Amoeblog

Ceres - Dwarf Planet

Posted by Eric Brightwell, September 19, 2008 09:01am | Post a Comment
Dwarf planets are objects with sufficient mass to assume a roughly spherical shape but yet too small to get picked for the starting lineup in the solar tee-ball match. There are currently four planets designated as dwarf planets. Before 2006 they were also known as minor planets, planetoids and (my favorite) subplanets.

  

Although there are currently only four designated dwarf planets, there are at least 41 known objects which may qualify when we get around to it. And when the Kuiper belt is fully-explored, there may turn out to be another 200. Beyond that there may be another 2000 subplanets in our solar system.
Ceres is named after the Roman goddess of cereals (a word which is itself derived from her name) and motherly love. She was both the sister and wife of Jupiter. Her worship was adopted by the Romans in 496 BCE, during a particularly severe famine. Her followers were mostly plebes who controlled the grain game in antiquity. For some reason, their rites included tying burning sticks to fox's tails.

The original name for the planetoid was Ceres Ferdinandea but that got shot down as not everyone was so keen on brown-nosing Spanish royalty. The dwarf planet is the smallest of the currently designated subplanets. It was actually discovered way back in 1801 by Giuseppie Piazzi who wrote, "since its movement is so slow and rather uniform, it has occurred to me several times that it might be something better than a comet." Even further back, Johann Elert Bode, in 1768, had suggested that there may be a planet between Mars and Earth. And lo, Ceres is situated within the asteroid belt. It's actually the largest  object in the belt --making up a third of the belt's mass. Its surface is made up of water ice (more than the total amount of water found on Earth), carbonate and clay. The weather on Ceres isn't that bad, reaching -38 degrees Celsius, which is warmer than some Midwestern winters I've experienced.

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Titan in Fact and Fiction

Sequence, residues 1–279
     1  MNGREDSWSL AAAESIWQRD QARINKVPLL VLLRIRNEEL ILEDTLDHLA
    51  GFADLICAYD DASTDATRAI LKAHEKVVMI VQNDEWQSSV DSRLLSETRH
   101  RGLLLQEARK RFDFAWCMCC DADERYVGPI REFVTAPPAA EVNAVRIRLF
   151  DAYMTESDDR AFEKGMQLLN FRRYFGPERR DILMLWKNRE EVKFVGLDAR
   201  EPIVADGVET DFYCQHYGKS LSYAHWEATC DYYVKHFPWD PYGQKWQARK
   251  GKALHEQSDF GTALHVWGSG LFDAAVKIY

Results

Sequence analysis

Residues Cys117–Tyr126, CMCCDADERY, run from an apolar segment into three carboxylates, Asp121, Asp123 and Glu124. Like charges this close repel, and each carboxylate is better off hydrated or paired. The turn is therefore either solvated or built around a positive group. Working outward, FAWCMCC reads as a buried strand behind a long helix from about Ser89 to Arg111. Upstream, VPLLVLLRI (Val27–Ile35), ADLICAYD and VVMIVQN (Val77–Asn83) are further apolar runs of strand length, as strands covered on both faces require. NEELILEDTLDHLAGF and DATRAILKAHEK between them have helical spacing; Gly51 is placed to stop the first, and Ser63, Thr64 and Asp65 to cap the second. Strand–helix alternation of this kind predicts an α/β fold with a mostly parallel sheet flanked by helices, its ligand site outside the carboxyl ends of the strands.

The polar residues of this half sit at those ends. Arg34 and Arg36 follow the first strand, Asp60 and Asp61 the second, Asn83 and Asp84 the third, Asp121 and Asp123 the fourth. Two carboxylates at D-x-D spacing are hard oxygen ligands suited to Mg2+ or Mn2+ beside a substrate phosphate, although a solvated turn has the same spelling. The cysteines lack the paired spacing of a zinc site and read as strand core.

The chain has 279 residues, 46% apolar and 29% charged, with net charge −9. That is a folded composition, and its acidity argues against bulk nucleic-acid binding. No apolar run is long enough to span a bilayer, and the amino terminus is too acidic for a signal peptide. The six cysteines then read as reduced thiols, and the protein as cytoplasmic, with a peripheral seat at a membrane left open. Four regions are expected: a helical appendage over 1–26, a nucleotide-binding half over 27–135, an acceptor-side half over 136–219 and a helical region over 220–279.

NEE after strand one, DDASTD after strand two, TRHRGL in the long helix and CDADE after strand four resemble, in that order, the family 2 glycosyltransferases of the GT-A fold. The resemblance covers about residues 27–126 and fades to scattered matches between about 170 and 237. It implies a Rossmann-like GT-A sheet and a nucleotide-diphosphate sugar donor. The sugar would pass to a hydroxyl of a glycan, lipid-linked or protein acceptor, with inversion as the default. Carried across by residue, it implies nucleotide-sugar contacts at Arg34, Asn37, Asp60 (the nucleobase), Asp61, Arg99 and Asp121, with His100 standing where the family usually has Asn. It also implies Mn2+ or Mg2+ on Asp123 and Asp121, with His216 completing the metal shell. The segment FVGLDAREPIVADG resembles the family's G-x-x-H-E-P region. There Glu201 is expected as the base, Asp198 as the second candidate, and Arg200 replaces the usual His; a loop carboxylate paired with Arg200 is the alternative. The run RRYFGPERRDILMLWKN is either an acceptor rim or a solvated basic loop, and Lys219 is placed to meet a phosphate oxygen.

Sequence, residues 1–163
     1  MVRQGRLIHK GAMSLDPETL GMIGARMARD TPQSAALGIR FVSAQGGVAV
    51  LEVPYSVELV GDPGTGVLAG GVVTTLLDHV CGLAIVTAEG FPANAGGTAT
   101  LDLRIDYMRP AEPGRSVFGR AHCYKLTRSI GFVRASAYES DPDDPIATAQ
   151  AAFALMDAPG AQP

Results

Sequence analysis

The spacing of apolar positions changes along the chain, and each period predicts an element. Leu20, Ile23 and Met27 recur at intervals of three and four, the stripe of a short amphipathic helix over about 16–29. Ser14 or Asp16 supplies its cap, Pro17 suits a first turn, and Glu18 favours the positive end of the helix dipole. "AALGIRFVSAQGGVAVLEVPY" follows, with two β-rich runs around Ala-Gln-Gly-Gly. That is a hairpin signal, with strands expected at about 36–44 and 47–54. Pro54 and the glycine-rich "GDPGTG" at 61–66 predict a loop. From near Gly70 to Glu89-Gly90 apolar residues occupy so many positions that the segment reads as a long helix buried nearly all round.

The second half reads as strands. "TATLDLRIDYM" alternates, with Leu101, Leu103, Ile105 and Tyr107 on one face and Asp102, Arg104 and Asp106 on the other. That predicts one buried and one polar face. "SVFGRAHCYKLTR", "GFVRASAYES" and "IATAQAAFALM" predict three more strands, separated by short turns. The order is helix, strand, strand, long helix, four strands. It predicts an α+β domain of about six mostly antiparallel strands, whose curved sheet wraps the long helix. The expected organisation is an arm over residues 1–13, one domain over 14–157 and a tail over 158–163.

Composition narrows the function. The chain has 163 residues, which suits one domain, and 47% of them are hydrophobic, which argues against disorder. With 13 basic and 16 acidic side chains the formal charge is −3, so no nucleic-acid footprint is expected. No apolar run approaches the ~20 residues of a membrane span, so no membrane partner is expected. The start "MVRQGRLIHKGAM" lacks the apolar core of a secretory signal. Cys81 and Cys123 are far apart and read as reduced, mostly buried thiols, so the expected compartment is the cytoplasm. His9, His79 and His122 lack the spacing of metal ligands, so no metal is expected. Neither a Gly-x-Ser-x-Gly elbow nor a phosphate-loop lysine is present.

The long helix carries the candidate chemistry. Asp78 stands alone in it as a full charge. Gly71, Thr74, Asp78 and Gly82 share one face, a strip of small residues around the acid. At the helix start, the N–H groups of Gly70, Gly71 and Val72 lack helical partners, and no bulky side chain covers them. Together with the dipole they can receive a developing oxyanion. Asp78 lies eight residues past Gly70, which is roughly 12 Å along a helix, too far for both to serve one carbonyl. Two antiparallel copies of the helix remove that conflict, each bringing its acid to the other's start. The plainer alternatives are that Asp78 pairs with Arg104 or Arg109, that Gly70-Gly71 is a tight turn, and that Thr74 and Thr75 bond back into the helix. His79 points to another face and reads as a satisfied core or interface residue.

Posted by Eric Brightwell, September 3, 2008 11:58pm | Post a Comment


TITAN


Titan was discovered in 1655 by Dutchman Christiaan Huygens. It orbits Saturn. Huygens named it Luna Saturni. When more moons were discovered, it was re-named Saturn II, then IV, then VI, which stuck as the official title, even though there are at least 19 moons in closer orbit of Saturn. It's also been referred to as "Saturn's ordinary satellite," but Titan is anything but ordinary.

 


Titan is the only body in the solar system, aside from Earth, with stable liquid bodies at its surface* and a dense atmosphere. Its landscape is relatively smooth, although there are mountains. As on Earth, the air is primarily composed of Nitrogen. Methane and Ethane clouds produce rain, wind and weather that give it seasons. It also has subsurface oceans*.

Embedded video from NASA Jet Propulsion Laboratory California Institute of Technology


naked man eaten by titanic deity big group of naked guys

The name Titan was chosen by John Herschel in 1847. The Titans, according to the Greek Religion and its adherents, were the former rulers of Greece during the Golden Age. The leader, Kronos, feared that his offspring would attempt to overthrow him, just as he had his father. To prevent this, he ate his children, except Zeus, who was saved and ultimately did overthrow the Titans and banish them to Tartarus.

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